In the campaign, Leningrad is doomed if a German player really wants it. The advantage is it massively shortens their front (from about 17 to 12 hexes) and they can use the Finns to hold part of that line. So that not only lets AGN's Panzers go off somewhere else but I guess about 2 of the 4 infantry corps on this sector.

The solution is a radical two step with SW Front to build up on this sector so the Germans have to wade through a sea of rifle divisions. We agreed, as part of kicking this off realistically, that I wouldn't pull much out the Ukraine (just what historically the Soviets committed at Smolensk). On reflection I missed a trick, its useful to make the Germans pay at the Luga (it costs for zone of control, river crossing and swamps) but the better line is the hills just south of Leningrad. I reckon I should have made that my main line, it would probably have held another turn.

I don't think he can do much more at Stalino. There are a mass of cavalry divisions down there, too weak to fight but ideal for chopping up extended lines of communication and I still hold the Crimea. He must be on about 30 hexes from his railhead.

I'm happy enough with my factory evacuation management, I knew I would lose one of the 'big 3' (Stalino, Kharkov, Tula) and probably something of another. The cost has been in terms of operational movement. I'm sort of trading trouble now for rewards in late 1942.

Moscow is now key. He has about 8 turns before the autumn mud and will lose one of them to a random mud event. My logic is it will take 2-3 turns to reduce my Vyazma-Rzhev line (I guess Rzhev will be hit by forces freed by the fall of Leningrad). I have a weak line just behind the current front but in poor terrain that is another 1-2 turns. A good line just in front of Moscow that will stand 2-3 turns and a final line immediately at the city. Then the city has its own fortifications.

I think I am safe (just).

As in the posts, my fear is a southern hook. But there are 4 armies of W Front in echelon there, none of any real merit but all will cost him time. And a lot of cavalry (in deep reserve or on the flanks). If the German infantry are still tangled with Reserve Front, I think that means a deep armour penetration is at risk of being cut off.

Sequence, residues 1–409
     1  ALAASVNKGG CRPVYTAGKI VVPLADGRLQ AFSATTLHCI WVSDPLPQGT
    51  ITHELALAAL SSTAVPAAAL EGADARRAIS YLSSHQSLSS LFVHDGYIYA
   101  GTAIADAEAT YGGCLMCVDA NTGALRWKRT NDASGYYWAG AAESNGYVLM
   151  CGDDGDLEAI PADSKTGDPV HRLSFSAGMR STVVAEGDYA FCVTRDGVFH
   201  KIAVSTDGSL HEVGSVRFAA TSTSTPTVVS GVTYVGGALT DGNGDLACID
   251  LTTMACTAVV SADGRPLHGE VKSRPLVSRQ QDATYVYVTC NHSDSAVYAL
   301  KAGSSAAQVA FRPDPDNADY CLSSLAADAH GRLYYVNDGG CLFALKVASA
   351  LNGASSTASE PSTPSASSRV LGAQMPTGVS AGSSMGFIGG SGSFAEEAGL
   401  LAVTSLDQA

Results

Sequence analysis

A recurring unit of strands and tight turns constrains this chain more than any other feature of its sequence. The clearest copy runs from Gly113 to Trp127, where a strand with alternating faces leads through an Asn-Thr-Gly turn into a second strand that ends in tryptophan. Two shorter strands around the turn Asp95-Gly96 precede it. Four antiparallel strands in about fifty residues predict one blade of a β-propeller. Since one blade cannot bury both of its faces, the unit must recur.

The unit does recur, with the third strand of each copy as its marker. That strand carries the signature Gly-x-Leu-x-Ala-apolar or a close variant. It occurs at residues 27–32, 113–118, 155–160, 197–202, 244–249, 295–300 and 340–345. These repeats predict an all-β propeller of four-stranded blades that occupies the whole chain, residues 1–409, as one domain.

Great fun, but hugely depressing every time I get a turn back

quote:

ORIGINAL: Bozo_the_Clown

quote:

BTW I am very much enjoying both your AAR and SigUp's from the other side.


Same here. I really like the intermixing of real life pictures.


Thank you, it does sort of add to the fun of writing. I've found a few good sites, some are in (mostly) Russian but have images of less famous Soviet aircraft and a great one on the Soviet navy. I also have an obsession with images of Soviet traffic police, but I won't upset Stuyvesant by mentioning that ...

< Message edited by loki100 -- 12/9/2013 9:03:11 PM >

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Post #: 23
RE: 15 – 21 August: A Narrow Wind complains All Day (Tu... - 12/10/2013 1:34:07 PM   
jwolf

 

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quote:

Moscow is now key.


That certainly makes sense.  It will be very interesting to see how you and SigUp react to each other as he begins to attack the Moscow defenses.  He might have just enough time to get it during the snow turns, especially if the random October weather isn't quite as muddy as you would wish for.

(in reply to loki100)
Post #: 24
RE: 15 – 21 August: A Narrow Wind complains All Day (Tu... - 12/14/2013 5:52:26 PM   
loki100


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Joined: 10/20/2012
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quote:

ORIGINAL: jwolf

quote:

Moscow is now key.


That certainly makes sense.  It will be very interesting to see how you and SigUp react to each other as he begins to attack the Moscow defenses.  He might have just enough time to get it during the snow turns, especially if the random October weather isn't quite as muddy as you would wish for.



I think I've managed to derail him for one turn by undoing his gains in his segment with an effective counterattack.